OnPoint by Keith Ng


Property Investment Federation: Just STFU

Let's not beat around the bush here. The Property Investors Federation is full of shit. Completely and utterly full of shit.

(Dear Lawyers, I do not mean literally “filled with faecal matter” as a statement of fact. I mean “full of shit” figuratively, which I am confident will be considered honest opinion – as in “honestly, it is my sincere opinion that they are just figuratively full of shit” – under defamation laws.)

Yesterday, 11 March 2010, TVNZ reported:

The Property Investors Federation estimates that, on average, landlords could miss out on $1,750 a year by not claiming depreciation. This works out to be approximately $34 a week. It is believed most of that will be passed on to tenants.”

On 20 January 2010, the Federation said in a press release (emphasis added):

Many rental property owners have purchased their property on the basis that they can claim depreciation as an expenses but that they will have to pay this back should they sell at some time in the future. Depreciation claims by rental property owners help them to keep the cost of renting lower, especially in the first few years of ownership. If the ability to make depreciation claims are withdrawn from rental property then many owners will be forced to sell their property as they will no longer be able to finance them.”

So, two months ago, deprecation wasn't real money because they have to pay it back. But now, they forget about the fact that they would have had to pay it back, treat it all as a cost and say that tenants will be paying for it.

Full. Of. Shit.


This is the public service part. This stuff really, truly belongs with the tax nerds, but I guess this is why property investors have manage to rort the system for so long. It's no fun, but hopefully this actually explains what the issues are behind the “debate”.

How depreciation changes will affect rent needs to be broken down into two parts: a) How much it'll actually cost landlords, and b) How much of this cost will be passed to renters.

Here's how depreciation works:

* You take the value of your house (just the building, not the land). Let's say, for ease of calculation, the building is worth $100,000.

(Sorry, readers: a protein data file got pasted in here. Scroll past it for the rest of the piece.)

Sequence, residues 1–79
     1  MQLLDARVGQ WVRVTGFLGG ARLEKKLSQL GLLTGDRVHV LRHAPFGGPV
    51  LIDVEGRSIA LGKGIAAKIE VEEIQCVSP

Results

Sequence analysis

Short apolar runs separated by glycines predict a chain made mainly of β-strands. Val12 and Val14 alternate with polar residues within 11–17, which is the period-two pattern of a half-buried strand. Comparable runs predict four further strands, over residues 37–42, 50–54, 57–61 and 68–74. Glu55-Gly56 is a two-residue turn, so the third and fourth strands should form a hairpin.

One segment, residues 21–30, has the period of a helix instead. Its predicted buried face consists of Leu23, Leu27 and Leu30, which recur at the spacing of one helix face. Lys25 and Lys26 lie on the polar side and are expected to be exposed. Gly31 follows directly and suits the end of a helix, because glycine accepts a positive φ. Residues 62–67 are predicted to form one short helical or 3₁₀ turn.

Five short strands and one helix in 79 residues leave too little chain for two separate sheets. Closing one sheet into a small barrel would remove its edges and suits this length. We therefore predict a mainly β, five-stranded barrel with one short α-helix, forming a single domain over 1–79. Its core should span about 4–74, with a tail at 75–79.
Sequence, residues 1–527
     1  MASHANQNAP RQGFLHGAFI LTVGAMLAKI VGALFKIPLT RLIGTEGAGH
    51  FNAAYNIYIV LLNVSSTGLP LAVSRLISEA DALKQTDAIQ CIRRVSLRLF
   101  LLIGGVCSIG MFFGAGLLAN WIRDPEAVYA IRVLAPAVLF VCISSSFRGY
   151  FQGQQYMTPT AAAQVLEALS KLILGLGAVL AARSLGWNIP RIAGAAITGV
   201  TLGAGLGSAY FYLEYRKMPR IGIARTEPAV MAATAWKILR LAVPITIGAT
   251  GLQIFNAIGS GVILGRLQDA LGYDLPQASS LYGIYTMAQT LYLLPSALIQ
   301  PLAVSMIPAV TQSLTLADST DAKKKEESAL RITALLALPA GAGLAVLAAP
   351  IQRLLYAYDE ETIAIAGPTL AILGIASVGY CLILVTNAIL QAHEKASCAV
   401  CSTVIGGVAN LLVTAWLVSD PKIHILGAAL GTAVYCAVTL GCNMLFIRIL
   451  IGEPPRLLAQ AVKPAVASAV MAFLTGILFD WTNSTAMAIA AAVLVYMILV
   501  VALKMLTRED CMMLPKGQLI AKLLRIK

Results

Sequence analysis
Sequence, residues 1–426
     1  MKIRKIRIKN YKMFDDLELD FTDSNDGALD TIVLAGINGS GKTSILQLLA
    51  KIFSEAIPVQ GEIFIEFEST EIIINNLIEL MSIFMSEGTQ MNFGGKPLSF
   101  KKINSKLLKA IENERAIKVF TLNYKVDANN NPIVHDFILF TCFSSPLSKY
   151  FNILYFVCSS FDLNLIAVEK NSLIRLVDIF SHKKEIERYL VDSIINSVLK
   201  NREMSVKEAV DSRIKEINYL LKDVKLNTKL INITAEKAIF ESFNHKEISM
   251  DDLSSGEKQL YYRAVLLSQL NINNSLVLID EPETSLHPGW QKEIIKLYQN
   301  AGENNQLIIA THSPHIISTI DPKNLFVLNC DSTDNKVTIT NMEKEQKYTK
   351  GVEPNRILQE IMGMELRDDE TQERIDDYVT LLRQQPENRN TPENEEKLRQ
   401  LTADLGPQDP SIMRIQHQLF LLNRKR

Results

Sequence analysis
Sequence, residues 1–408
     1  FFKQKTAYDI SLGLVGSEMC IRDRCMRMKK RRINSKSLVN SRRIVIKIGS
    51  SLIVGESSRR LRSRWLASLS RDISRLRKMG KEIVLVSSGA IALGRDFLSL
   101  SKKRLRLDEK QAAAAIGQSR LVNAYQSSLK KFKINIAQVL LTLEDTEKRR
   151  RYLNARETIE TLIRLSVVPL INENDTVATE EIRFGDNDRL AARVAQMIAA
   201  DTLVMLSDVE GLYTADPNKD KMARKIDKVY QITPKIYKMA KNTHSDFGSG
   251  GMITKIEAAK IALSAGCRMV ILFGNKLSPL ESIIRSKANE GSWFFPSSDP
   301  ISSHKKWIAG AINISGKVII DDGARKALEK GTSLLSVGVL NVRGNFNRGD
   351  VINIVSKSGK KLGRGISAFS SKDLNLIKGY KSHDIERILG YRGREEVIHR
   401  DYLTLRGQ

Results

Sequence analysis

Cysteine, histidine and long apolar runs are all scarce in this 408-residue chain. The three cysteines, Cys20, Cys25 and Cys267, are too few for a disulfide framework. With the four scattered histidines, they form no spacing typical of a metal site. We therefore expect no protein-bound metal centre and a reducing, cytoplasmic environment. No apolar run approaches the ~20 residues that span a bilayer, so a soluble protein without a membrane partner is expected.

* Each year, it depreciates by a set amount. So, if the depreciation rate is 3%, then you have a depreciation of $3,000.

* Your house's is now worth $97,000 on paper, but you can claim this $3,000 “loss” as an expense so you pay less tax. Let's say, $1,000 less tax.

But here's the kicker:

* If you sell your house $100,000, but it's book value is $97,000, then the IRD sees that the depreciation wasn't real, and makes you pay back the $1,000. This is called depreciation recovery or clawback.

In theory, depreciation isn't free money. Either it's real, in which case the property owner actually lost value, or it's not, in which case the owner has to pay it back (but gets to keep the money for a while, like an interest-free loan).

Losing $3,000 of deprecation may just mean “losing $1,000 of tax credits that I'd have to pay back in 10 years anyway”. So to take the face value $1,000 and say that “this is how much landlords will have to hike rents to not have to sell their children” is misleading.

(In practice, you don't sell the building and the land separately, and you don't get taxed on capital gains on the land, so you can put all the depreciation on the building and call it a loss, and put all the gains on the land and not pay any tax on it. But it takes a bit of creative accounting and there are limits, so it's not a rort-buffet.)

The more important point is that landlords aren't feudal lords. If their costs go up (or their profits go down), they can't just say “well, screw that, let the tenant pay for it”. People have choices. If landlords choose to hike their rents, people can choose to live with their parents, move in with flatmates, leave the country, or buy a house. Fewer people in the rental market will push rents back down again – even for people who can't move in with parents/flatmates/leave etc.

Put it this way. If landlords could really make their tenants pay the full cost of the changes, would they really be bitching about it so much?

Of course, this means Trevor Mallard's own back-of-a-napkin adventures were even more full of shit.

My calculation is that the average residential rental property will inolve [sic] a loss of about $45 to the landlord v current depreciation arrangements.

(Average house price 416k but I’ve used median 360k. 2% depreciation = $7,200. 33c tax rate = $2,400 say $45 per week)”

As he acknowledges in his update, he included land values, so he massively overstates the cost, and he didn't even consider clawback. The curious thing is how his clearly, completely and massively wrong estimate ended up being in the same ballpark as the Property Investors Federation's completely unsubstantiated figure...

Oh. Right.

Full. Of. Shit.

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